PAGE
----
Acceptance decisions are made on a rolling basis throughout the year for our 6 (8-week) undergraduate terms.
Simply contact an admission counselor, who can help you explore financial options, answer all your questions and walk you through the application process. Start by:
Test scores are not required as part of your application.
The BS in Geosciences gives you a solid foundation in the physical sciences with a focus on geography, geology, earth systems science, physics and chemistry. Through our instructor-led lab courses, you'll gain valuable hands-on experience.
The program emphasizes geoscience data for their uses in problem solving and establishing policies that support public health and safety, effective resource management and environmental protection.
Curriculum Requirements & Resources
Due to shipping laws, lab courses requiring lab kits must be completed within the contiguous United States. New students living outside the lower 48 states may be eligible to transfer in lab credits from accredited institutions. If a currently-enrolled student moves outside of the contiguous U.S., they may petition to take the labs at another institution for credit.
Total Credits: 120
Tuition rates for SNHU's online degree programs are among the lowest in the nation. We offer financial aid packages to those who qualify, plus a 30% tuition discount for U.S. service members, both full and part time, and the spouses of those on active duty.
*Tuition Rates are subject to change and are reviewed annually.
No Application Fee, $150 Graduation Fee, Course Materials ($ varies by course)
While geoscience and geology have some overlapping components, they are not entirely the same.
Geoscience is an interdisciplinary field that covers a broad spectrum of disciplines – like earth science, atmospheric science, geology, geography, physics and chemistry. It allows you to study the dynamic nature of the earth, understand its history to predict current and future changes, and find ways to manage our natural resources in a sustainable way.
On the other hand, geology is a subdiscipline of earth science, that specifically focuses on the history of the earth, the rocks and minerals that compose it and the processes that act upon it.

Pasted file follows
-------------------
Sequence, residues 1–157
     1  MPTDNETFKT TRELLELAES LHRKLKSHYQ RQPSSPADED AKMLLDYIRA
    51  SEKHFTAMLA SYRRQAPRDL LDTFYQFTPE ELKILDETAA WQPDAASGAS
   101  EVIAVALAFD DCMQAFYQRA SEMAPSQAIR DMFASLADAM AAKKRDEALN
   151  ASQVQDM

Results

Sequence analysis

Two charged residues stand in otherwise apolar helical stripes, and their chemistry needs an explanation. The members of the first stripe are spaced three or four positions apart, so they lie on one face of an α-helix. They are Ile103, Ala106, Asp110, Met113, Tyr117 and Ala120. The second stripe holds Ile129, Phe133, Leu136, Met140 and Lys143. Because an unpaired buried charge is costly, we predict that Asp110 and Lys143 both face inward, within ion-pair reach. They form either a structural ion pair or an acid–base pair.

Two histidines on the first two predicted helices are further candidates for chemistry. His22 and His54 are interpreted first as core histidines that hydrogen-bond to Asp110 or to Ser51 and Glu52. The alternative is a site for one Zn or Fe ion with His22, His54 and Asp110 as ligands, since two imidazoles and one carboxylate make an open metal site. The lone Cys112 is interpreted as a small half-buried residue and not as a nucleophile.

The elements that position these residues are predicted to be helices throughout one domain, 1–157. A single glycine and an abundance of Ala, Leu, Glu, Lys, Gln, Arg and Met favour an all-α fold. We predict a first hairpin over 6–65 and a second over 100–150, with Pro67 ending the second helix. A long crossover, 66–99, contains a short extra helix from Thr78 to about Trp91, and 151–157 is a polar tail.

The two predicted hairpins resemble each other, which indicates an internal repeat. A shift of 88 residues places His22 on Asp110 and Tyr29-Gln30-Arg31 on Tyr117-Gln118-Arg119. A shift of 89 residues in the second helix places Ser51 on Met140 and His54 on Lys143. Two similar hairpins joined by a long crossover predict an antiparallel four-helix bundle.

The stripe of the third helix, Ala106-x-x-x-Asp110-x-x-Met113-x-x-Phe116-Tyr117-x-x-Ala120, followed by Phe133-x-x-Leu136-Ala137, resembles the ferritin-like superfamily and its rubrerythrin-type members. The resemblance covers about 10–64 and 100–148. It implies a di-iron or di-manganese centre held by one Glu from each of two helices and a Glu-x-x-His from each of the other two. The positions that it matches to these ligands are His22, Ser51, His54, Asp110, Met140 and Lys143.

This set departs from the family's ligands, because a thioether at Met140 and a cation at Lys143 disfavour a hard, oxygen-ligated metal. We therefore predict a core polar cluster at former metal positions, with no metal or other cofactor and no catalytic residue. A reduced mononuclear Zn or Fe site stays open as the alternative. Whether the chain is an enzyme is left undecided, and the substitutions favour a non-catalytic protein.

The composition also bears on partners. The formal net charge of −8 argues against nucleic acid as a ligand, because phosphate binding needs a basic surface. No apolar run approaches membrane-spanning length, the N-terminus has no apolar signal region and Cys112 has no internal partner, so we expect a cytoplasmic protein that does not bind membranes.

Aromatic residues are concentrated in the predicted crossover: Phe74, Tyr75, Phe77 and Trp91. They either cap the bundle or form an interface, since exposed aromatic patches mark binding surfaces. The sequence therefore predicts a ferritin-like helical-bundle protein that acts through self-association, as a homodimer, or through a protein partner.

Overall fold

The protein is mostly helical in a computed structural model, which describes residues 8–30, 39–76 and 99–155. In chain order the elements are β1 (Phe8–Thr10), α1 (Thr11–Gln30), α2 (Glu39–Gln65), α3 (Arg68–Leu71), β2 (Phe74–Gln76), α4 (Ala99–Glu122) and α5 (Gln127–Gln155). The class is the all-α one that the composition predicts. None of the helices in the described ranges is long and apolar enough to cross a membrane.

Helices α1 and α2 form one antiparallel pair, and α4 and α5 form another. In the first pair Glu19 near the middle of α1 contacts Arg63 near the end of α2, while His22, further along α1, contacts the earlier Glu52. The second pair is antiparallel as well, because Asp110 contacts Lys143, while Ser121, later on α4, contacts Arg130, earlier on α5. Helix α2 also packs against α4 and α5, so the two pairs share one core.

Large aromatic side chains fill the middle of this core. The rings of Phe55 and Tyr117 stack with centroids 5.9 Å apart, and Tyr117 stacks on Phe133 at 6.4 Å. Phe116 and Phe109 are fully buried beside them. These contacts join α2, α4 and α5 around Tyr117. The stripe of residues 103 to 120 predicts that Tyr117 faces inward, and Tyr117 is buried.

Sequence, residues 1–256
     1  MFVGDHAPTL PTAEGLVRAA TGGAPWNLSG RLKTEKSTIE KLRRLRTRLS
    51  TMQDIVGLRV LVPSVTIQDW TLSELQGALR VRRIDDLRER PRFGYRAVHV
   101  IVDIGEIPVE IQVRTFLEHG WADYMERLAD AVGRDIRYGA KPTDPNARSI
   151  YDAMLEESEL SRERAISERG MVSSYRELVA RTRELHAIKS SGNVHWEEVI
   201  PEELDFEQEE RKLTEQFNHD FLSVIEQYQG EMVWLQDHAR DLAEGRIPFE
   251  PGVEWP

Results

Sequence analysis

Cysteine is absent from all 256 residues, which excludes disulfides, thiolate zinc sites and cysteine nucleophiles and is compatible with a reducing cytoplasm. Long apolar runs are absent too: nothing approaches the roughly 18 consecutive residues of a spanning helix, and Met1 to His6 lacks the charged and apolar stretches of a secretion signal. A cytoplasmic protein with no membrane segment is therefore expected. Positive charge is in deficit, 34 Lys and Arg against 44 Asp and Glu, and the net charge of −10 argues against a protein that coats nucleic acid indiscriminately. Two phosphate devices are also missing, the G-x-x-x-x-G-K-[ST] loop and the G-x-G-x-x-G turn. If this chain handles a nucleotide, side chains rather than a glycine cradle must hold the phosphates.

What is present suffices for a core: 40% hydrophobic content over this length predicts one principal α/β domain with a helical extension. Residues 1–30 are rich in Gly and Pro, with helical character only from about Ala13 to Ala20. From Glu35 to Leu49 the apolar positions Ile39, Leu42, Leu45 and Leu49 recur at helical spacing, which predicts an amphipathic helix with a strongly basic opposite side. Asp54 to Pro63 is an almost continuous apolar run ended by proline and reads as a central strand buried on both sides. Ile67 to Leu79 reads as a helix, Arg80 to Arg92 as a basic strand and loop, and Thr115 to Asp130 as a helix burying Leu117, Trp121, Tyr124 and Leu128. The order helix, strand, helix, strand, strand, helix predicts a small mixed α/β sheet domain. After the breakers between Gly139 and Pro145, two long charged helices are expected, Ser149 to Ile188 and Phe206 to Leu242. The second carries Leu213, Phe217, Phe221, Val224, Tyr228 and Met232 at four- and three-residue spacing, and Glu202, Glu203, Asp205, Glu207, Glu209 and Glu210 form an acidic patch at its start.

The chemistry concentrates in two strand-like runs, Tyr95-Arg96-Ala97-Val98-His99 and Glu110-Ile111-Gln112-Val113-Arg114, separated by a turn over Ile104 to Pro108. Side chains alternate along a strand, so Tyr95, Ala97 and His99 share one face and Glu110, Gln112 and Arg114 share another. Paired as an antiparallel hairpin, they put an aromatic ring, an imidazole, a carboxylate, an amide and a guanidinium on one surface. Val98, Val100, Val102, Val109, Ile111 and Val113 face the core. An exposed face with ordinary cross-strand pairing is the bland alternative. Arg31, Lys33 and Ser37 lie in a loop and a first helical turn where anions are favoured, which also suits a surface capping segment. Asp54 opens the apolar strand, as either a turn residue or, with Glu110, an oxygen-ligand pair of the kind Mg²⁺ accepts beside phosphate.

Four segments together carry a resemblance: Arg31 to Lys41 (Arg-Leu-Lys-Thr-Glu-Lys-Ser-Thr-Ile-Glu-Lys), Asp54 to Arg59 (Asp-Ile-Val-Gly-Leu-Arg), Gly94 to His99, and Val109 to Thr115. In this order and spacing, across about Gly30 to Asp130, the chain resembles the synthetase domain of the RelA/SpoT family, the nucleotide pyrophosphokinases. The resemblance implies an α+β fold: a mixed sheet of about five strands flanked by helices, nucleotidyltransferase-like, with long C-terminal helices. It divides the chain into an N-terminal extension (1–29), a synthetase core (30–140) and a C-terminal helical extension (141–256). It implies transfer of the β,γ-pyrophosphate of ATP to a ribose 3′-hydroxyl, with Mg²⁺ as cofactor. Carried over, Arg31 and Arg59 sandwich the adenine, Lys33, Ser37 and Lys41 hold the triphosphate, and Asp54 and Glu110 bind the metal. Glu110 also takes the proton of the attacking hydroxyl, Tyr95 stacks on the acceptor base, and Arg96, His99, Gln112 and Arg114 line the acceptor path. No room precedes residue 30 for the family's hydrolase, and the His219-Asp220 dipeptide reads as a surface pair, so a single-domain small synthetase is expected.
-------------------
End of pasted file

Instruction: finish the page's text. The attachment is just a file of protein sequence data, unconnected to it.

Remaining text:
Yes. Students can earn their BS in Geosciences online because the program's coursework easily translates to a virtual environment.
SNHU began offering courses online in 1995. By developing online general education courses that would be needed for programs – like English, math, social science and the humanities – SNHU has been able to expand degree offerings, including STEM programs like geoscience.
You'll take science classes like chemistry, physics and geology – and you get the hands-on experience you need through lab kits mailed to your home. And you'll finish up your bachelor's degree with geoscientific research methods and capstone courses, giving you the opportunity to develop a research project in a chosen area of specialization.
Geoscience is an excellent major choice if you're interested in working in a growing STEM field. If you have a passion for our planet, earning a geoscience degree is one way to study its past and protect its future.
According to a survey done by the American Geosciences Institute, graduates in the field are often motivated by intellectual engagement, interdisciplinary nature and solving societal issues.3
The same survey cited that, in 2017, those with undergraduate geoscience degrees were employed in:
The U.S. Bureau of Labor Statistics projects that employment for geoscientists will grow 6% by 2028.2
Geoscientists can help mitigate natural disasters like earthquakes, floods or landslides. They can provide scientific counsel and advice on ways to preserve the environment or sustainably manage natural resources. They can work with geospatial technology to prepare maps, analyze geographic data and study issues like climate change, disaster relief and resource management.
With such a diverse field of study, career opportunities abound for geoscientists. Geoscientists can work in all sectors, including nonprofit, government, industry, academia and research, and jobs can include a combination of field, laboratory and office work – or all of one and none of the others.
"It just depends on what you want to do and where you end up working," said Dr. Kelly Thrippleton-Hunter, technical program facilitator for science at SNHU.
Geoscientists can pursue careers in a multitude of areas and disciplines, including:
Thrippleton-Hunter also offered suggestions for careers that you could be positioned for with a geoscience degree:
Some of these roles may require additional education or training beyond a bachelor's degree.
Earning a bachelor's degree is essential to becoming a geoscientist. Some in the field go on to earn their master's degree, as well.
Employers require a specific skill set learned through coursework and hands-on training at universities. Desirable qualities for geoscientist, according to BLS, include2:
The skills you build when you earn a geoscience degree are appealing in a wide range of industries. Because of that, geoscientists are employable all across the workforce.
The American Geosciences Institute lists dozens of professions – some expected, some unexpected – in which geoscientists are employed4:
Southern New Hampshire University is a private, nonprofit institution accredited by the New England Commission of Higher Education (NECHE) as well as several other accrediting bodies.
*According to a survey of over 12,000 SNHU online students conducted in the fall of 2018.
2 Bureau of Labor Statistics, U.S. Department of Labor, Occupational Outlook Handbook, on the internet, at:
Cited projections may not reflect local and/or short-term economic or job conditions and do not guarantee actual job growth.
3 American Geosciences Institute, Occupations of Terminal Geoscience Degree Recipients in 2017, on the internet, at https://www.americangeosciences.org/geoscience-currents/occupations-terminal-geoscience-degree-recipients-2017 (viewed Dec. 11, 2019)
4 American Geosciences Institute, Workforce Infographic, on the internet, at https://www.americangeosciences.org/workforce/ workforce-infographic (viewed Nov. 13, 2019)